Dr. Leah Di Segni, of the Hebrew University in Jerusalem, the expert on ancient Greek inscriptions, deciphered the inscription. The inscription reads, “In the time of our most pious emperor Flavius Justinian, also this entire building Constantine the most God-loving priest and abbot, established and raised, in the 14th indiction”. According to Di Segni, “This inscription commemorates the founding of the building by Constantine, the priest. The inscription names the emperor Flavius Justinian. It seems that the building was used as a hostel for pilgrims.” Di Segni added, “‘Indiction’ is an ancient method of counting years, for taxation purposes. Based on historical sources, the mosaic can be dated to the year 550/551 AD.”

According to Gellman, “The Damascus Gate served for hundreds of years as the main northern entrance to Jerusalem. Knowing that, it is no surprise that this area is rich with archaeological remains. In the Byzantine period, with the emergence of Christianity, churches, monasteries and hostels for pilgrims were built in the area north of the gate, and the area became one of the most important and active areas of the city.”

The two people mentioned in the inscription are well known from both ancient historical sources and archaeological finds. The emperor Flavius Justinian was one the most important rulers of the Byzantine period, and was one of the most colorful and charismatic rulers of antiquity. Under his reign, the Roman empire was at its strongest, and its conversion to Christianity was completed. In the year 543 AD he established a

large church in Jerusalem, dedicated to Mary, mother of Jesus, known as The Nea Church. This was the largest church built in Jerusalem and one of the largest in the entire empire. The abbot of the church was Constantine, whose name appears in the inscription discovered recently near the Damascus gate. Remains of this church were partially excavated in 1970, in the Jewish quarter of the Old City of Jerusalem, even then sparking interest among archaeologists and scholars of Jerusalem, throughout Israel and across the globe. This excavation was a part of the Jewish quarter excavations carried out immediately following the Six Day War in 1967.

According to Di Segni, the inscription found near the Damascus gate is fairly similar to an inscription found in the vaults of the Nea Church, currently exhibited in the Israel museum. The same two people are mentioned in the inscription, the emperor Justinian and the abbot Constantine. Di Segni adds, “This new inscription helps us understand Justinian’s building projects in Jerusalem, especially the Nea Church. The rare combination of archaeological finds and historical sources, woven together, is incredible to witness, and they throw important light on Jerusalem’s past.”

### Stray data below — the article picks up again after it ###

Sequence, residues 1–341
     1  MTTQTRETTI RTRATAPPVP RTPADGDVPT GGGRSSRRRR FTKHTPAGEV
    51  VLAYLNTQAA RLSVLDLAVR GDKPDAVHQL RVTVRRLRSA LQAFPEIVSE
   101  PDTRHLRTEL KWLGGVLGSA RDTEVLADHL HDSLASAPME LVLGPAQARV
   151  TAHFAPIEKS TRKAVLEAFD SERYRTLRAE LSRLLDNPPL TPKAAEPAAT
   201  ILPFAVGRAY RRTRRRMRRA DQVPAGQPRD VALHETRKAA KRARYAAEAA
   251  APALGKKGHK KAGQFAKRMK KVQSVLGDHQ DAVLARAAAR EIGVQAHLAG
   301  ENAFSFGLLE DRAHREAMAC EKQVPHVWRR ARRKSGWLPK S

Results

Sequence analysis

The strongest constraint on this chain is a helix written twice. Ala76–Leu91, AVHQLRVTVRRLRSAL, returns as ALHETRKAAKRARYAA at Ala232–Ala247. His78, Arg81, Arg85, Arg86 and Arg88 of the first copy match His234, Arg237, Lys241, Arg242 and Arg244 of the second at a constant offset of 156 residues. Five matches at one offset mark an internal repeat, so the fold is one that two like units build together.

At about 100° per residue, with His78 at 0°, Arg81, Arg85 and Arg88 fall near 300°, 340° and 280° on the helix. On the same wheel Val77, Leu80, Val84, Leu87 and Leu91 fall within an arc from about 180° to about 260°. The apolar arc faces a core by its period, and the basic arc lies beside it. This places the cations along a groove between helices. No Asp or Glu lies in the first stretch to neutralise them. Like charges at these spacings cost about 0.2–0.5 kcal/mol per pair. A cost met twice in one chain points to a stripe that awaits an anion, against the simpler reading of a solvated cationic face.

The new but ancient inscription was removed from its site by the conservation experts of the Israel Antiquities Authority, and is being treated in the IAA ‘s mosaic workshop in Jerusalem.

Greece May Open GNTO Branch in Melbourne

Source: news.gtp.gr

 

Greek Tourism Minister Elena Kountoura with the President of the Greek Community of Melbourne, Bill Papastergiadis. They are accompanied by SYRIZA MP Chrysoula Katsavria - Sioropoulou and member of the Special Permanent Committee of Hellenism of the Diaspora (L) and the Secretary General of Tourism Evridiki Kourneta.

By Nikos Krinis

Greece is seeking to boost its presence in the Australian market with targeted promotional actions and the opening of a Greek National Tourism Organization (GNTO) branch in Melbourne, the Tourism Ministry said recently in an announcement.

The issue was discussed last month in Athens, during a meeting between Greek Tourism Minister Elena Kountoura and the President of the Greek Community of Melbourne (GCM), Bill Papastergiadis.

During his meeting with Minister Kountoura, Papastergiadis presented the activities of the Greek Community of Melbourne and highlighted the importance of promoting Greek tourism in Australia through the operation of a GNTO branch there, in a space within the community’s building in Melbourne.

Moreover, Papastergiadis underlined his strong interest in strengthening tourism relations as well as improving the connectivity between the two countries through an enhanced direct air service.

On her part, Kountoura discussed the ministry’s plans to dynamically promote Greece in Australia in order to attract more Australian tourists in the coming years.

The minister also informed Papastergiadis about Greece’s tourism policy that aims to attract tourists 365 days a year and also mentioned the positive course of Greek tourism in 2017.

The two parties also discussed the organization of the Lonsdale Street Greek Festival to be held next February, to which Papastergiadis invited Minister Kountoura to attend.

Papastergiadis’ proposal for the opening of a GNTO branch in the GCM building was also welcomed by Greek Prime Minister Alexis Tsipras.